Parables are a big part of what you find in the Gospel accounts in the New Testament. Contrary to popular belief, parables weren’t unique to the ministry of Jesus. They were well-known in his day and age. Sadly, throughout the history of Bible interpretation, parables have suffered quite a bit. One only needs to read Augustine on the good Samaritan, and one feels like he was on the in-crowd and I am clearly an outsider.
But isn’t that why Jesus taught in parables anyway? Those who perceive the mystery of the kingdom, are in, and those who do not, are outsiders (cf. Mk 4:10-12). Well not exactly. It is quite comforting to know that the disciples didn’t get the parables a lot of the time (cf. Mk 4:10, 33-34; 8:21), but that others who would seem to be on the outside of the kingdom, knew exactly what Jesus was talking about (cf. Lk 10:25-37, 15:1-16:14; Mat 21:45).
So why this talk about mystery, hearing and not hearing, etc.? Most likely, because the parables were misunderstood by the people just as they misunderstood the rest of Jesus’ ministry on earth. The mystery of the kingdom wasn’t given to them, not because they failed to understand the parables, but because they failed to understand who Jesus, the embodiment of the kingdom, was and what he came to do. And therefore they misunderstood most of the parables. That said, how can we understand them?
Here are some basic principles to keep in mind:
The Nature of a Parable: The word “parable” comes from two Greek words that combined mean “to throw alongside.” A parable is a story “thrown alongside” the lives of the listeners that seeks to bring across a certain point by means of analogy. It’s designed to trigger a response in the hearers. It is crucial to note that parables are first and foremost an oratory device. They were intended to be heard rather than read and analyzed. However, since we were not part of the crowd who originally heard them, we have to put some effort in.
The Context of the Parable: What happens before and after the parable and how does the parable fit in? For example, the parable of the laborers in the vineyard in Matthew 20:1-16 is enclosed by the story of the rich young ruler (19:16-30) and the disciples’ desire to be the first in the kingdom (20:20-28). All of these episodes are held together by the concept of “first shall be last and last shall be first” (19:30, 20:16, 20:27). The parable only really functions as intended when viewed in this context.
If there is a string of parables, we ought to look for common themes and reappearing concepts, such as the lost-and-found parables in Luke 15, the be-ready parables in Matthew 24:36-25:30, or the kingdom-growth parables in Mark 4. All of these parables have one main point that is communicated in different ways and perhaps with different emphases.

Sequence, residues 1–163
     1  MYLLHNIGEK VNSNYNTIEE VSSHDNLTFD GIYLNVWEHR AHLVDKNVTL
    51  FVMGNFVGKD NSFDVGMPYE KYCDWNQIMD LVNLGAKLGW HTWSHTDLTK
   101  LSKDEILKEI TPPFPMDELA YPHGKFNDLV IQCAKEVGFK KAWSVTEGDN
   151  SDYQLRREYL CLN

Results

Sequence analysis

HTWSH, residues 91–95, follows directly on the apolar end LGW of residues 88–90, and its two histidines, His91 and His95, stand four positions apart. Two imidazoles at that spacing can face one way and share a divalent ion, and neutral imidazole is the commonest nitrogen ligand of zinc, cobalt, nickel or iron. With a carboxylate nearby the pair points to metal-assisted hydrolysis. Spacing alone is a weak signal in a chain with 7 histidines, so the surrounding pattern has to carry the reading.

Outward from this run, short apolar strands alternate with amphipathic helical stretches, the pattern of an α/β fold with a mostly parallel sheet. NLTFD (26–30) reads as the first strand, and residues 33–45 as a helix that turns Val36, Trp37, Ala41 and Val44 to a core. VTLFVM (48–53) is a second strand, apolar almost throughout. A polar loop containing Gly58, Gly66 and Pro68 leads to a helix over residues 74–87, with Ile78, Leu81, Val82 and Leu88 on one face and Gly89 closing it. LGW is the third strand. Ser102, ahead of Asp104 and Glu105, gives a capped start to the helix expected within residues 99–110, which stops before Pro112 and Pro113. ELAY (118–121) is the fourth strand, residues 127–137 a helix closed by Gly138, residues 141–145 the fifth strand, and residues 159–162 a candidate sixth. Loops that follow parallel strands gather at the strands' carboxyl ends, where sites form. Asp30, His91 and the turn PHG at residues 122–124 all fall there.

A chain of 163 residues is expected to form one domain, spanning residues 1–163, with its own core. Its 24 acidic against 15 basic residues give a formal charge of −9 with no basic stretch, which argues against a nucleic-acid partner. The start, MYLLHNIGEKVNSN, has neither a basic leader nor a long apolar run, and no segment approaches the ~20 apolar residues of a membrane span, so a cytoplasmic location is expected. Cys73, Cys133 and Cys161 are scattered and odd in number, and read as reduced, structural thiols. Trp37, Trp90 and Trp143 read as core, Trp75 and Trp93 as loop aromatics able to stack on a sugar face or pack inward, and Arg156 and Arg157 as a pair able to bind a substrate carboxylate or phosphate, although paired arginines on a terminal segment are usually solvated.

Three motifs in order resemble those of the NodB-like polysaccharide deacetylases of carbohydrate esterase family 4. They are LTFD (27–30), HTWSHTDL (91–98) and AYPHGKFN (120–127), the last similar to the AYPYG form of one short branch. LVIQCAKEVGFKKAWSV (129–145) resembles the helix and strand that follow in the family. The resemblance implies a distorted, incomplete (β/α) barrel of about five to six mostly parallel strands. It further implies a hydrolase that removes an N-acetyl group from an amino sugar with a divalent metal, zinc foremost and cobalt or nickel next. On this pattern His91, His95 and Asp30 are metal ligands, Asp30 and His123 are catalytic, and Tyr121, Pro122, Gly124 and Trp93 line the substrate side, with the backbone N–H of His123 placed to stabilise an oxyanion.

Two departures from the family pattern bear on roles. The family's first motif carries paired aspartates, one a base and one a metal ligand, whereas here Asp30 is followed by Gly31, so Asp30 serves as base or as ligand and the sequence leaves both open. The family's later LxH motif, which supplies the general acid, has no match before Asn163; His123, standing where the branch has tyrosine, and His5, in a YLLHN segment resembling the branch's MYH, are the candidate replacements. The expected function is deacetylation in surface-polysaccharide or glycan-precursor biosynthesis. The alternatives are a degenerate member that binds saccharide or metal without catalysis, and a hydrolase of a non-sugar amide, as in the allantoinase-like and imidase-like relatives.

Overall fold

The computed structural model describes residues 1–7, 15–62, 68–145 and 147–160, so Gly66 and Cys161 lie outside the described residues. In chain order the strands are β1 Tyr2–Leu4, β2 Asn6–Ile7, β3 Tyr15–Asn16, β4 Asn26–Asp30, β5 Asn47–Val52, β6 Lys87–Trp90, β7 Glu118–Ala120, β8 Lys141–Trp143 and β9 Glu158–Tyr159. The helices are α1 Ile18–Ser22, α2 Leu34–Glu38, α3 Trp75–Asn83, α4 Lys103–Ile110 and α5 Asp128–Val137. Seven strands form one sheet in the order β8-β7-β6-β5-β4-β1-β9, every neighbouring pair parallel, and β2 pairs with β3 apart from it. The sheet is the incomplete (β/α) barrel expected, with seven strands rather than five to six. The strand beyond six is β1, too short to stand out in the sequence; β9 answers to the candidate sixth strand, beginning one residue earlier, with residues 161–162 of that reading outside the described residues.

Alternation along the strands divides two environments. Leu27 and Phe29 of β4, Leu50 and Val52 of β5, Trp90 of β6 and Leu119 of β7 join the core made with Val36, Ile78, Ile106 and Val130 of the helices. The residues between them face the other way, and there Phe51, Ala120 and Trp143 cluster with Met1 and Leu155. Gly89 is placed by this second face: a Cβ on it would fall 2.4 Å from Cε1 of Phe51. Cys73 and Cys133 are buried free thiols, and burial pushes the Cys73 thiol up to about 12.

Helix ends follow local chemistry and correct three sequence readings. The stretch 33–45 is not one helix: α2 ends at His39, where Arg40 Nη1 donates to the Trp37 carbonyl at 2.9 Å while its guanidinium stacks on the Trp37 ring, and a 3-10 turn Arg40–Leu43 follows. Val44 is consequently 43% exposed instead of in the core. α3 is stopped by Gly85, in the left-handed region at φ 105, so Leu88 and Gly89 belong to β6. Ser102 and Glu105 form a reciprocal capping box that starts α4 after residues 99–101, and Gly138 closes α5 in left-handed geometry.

Audience: Parables were spoken rather than read. We have to identify the audience and their situation in order to make sense of the parable.
For example, the parable of the Samaritan (Luke 10:25-37) only makes sense when you understand who Jesus is telling it to and how shocking of a message this was for the recipient. Telling a Pharisee that a Samaritan understood and lived out the meaning of the Torah more than he did, was a big insult. So, establishing the audience is key to understanding the meaning of a given parable.
Points of reference: Identify the parties in the parable with the parties in the audience or context and establish points of similarity in order to find the pivotal idea of the parable.
For example, the well-known parable of the prodigal son in Luke 15:11-32, was addressed to the Pharisees (Lk 15:1-3) who grumbled at the fact that Jesus communed with the outsiders of society. Often, when this is talked about or preached, the bulk of the talk centers on the prodigal, but when you look closely, this may not have been Jesus’ intention.
The pivotal idea in the parable is not the fact that the younger son left and then returned to the father, but it’s the reaction of the older son to the younger son’s return. When hearing the parable, the reaction of the older son seems very out of place, which is exactly Jesus’ point. Who wouldn’t be happy about the restoration of a family member? You, the Pharisees! The detailed story of the prodigal serves mainly to engage the hearers emotionally. They are being prepared to both marvel at the Father’s love and grace and to be shocked by the hardness of heart of the older son.
The key point: A parable usually has one main point it seeks to get across. Identify this main point. This is what triggers a reaction in the audience. This main point has to be transferred and applied in our own context. However, beware of establishing theological concepts on parables that you don’t find in the teaching passages of the New Testament.
These basic principles will help us arrive at a sound understanding of the parables of Jesus. Next in our series, we will look at New Testament letters.